The press release about this tool states the following “benefits.”

  • Create fake social media profiles to “Friend” targets and then send them links to downloadable malware or credential capturing landing web pages.
  • Trick targets into disclosing their emails and phone numbers with vouchers and offers to pivot into “phishing, vishing or smishing.”
  • Create custom phishing campaigns for each social media platform, making sure that the target has an account, and make these more realistic by including their profile picture in the email. Then capture the passwords for password reuse.
  • View target’s photos looking for employee access card badges and familiarise yourself with building interiors.

I’m sure no bad actors are interested in any OPEN SOURCE tool with those capabilities! (The internet was fun while it lasted.)

Because There Isn’t Enough To Worry About

Researchers Developed Artificial Intelligence-Powered Stealthy Malware. Yeah, that’s just what we need.

AI has been marketed as a cure for malware. It can detect the signs of viruses, Trojans, et al and save the day. But the reverse is also true.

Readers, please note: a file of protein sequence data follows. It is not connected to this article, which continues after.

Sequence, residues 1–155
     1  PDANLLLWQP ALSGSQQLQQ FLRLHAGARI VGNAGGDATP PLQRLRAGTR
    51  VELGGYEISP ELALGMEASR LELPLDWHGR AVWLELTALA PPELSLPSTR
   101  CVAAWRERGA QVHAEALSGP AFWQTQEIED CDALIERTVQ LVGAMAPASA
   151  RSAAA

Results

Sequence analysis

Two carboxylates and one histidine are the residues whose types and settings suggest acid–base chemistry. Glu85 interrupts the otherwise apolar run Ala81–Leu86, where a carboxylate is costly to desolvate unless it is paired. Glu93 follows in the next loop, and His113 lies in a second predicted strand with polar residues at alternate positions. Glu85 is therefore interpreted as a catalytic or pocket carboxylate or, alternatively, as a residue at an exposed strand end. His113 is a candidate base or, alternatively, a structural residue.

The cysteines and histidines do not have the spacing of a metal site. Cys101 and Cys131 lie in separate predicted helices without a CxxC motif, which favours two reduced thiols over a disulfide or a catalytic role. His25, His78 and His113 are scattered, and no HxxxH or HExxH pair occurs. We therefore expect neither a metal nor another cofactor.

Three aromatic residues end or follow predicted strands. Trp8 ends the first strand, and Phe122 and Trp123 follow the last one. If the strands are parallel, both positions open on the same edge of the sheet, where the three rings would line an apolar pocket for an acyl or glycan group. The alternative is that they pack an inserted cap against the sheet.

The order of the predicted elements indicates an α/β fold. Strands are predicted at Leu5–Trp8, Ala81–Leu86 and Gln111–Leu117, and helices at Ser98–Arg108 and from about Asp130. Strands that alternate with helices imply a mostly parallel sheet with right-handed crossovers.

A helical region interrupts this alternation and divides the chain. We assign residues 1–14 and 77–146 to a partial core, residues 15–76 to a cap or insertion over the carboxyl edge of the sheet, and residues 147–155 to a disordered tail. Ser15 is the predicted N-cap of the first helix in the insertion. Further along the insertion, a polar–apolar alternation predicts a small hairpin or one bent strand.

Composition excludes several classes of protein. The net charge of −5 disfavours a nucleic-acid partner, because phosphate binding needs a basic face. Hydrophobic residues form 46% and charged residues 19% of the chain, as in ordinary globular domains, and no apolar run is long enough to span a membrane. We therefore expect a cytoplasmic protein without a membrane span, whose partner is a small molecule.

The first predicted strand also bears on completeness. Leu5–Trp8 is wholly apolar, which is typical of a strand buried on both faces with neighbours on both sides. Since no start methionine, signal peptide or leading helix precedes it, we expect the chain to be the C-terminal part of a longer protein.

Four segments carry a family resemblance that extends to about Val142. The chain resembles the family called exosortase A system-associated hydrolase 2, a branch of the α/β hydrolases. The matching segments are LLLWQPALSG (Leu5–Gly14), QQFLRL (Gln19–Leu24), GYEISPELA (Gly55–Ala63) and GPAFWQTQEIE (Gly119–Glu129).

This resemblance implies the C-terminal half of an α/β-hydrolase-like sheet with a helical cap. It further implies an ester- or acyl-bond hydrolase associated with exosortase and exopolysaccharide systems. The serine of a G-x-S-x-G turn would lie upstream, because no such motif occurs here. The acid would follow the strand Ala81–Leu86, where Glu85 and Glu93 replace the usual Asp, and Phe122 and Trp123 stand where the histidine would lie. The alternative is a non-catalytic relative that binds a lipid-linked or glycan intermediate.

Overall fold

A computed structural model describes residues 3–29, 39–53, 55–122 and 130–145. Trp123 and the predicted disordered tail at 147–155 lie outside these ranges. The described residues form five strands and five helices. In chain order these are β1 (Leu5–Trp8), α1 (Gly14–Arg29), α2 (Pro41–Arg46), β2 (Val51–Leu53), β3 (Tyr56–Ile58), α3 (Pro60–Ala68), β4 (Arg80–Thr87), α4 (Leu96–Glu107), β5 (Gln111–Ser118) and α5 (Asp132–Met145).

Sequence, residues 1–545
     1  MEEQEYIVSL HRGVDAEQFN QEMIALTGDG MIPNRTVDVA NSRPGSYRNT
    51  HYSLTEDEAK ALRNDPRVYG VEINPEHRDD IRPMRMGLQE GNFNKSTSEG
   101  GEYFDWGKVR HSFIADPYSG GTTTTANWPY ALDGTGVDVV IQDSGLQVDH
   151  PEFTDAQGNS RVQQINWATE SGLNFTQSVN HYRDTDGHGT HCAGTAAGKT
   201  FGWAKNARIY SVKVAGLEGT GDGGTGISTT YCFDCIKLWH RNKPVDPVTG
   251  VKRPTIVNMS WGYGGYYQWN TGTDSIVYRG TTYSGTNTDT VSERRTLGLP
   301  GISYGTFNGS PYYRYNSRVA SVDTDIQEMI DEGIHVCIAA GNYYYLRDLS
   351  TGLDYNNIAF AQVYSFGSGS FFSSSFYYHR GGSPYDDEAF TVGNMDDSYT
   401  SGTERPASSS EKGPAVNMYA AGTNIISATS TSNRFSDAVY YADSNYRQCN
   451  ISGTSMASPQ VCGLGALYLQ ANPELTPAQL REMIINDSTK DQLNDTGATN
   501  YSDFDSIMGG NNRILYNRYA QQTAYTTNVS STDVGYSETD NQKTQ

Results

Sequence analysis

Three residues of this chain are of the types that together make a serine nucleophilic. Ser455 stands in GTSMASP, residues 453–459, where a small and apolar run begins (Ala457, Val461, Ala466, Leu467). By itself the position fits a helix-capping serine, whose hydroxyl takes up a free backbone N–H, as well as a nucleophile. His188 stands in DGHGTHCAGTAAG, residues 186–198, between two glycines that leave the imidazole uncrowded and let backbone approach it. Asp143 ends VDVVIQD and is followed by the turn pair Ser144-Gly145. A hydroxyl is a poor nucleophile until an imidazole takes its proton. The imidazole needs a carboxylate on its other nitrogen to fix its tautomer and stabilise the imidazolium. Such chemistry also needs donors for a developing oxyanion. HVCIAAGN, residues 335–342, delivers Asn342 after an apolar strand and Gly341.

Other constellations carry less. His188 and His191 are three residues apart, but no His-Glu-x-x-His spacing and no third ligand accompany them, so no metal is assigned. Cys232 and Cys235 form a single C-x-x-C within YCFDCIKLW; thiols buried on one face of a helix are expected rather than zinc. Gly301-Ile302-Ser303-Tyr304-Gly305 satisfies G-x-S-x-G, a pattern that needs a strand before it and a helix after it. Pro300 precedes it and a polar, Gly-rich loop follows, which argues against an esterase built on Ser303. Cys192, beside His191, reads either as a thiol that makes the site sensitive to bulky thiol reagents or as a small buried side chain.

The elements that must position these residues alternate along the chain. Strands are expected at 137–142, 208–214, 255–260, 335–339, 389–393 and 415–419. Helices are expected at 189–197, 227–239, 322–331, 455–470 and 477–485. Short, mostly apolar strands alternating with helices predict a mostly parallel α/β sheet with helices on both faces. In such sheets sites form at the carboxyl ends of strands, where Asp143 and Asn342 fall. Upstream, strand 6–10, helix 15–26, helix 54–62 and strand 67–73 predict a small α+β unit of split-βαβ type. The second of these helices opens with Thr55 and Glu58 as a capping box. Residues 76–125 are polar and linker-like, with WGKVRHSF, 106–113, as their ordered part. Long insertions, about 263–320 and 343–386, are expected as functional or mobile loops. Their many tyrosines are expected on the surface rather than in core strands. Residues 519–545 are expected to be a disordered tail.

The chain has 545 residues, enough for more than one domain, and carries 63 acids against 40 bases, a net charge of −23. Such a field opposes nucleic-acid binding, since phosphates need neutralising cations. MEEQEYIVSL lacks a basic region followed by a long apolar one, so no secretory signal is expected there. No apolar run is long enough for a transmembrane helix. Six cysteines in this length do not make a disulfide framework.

However, the same technology can also be weaponized by threat actors to power a new generation of malware that can evade even the best cyber-security defenses and infects a computer network or launch an attack only when the target’s face is detected by the camera.

To demonstrate this scenario, security researchers at IBM Research came up with DeepLocker—a new breed of “highly targeted and evasive” attack tool powered by AI,” which conceals its malicious intent until it reached a specific victim.

Coming to a state-sponsored hacking team interested in you soon. (The internet was fun while it lasted!)

The Cost of Ignoring Computer Security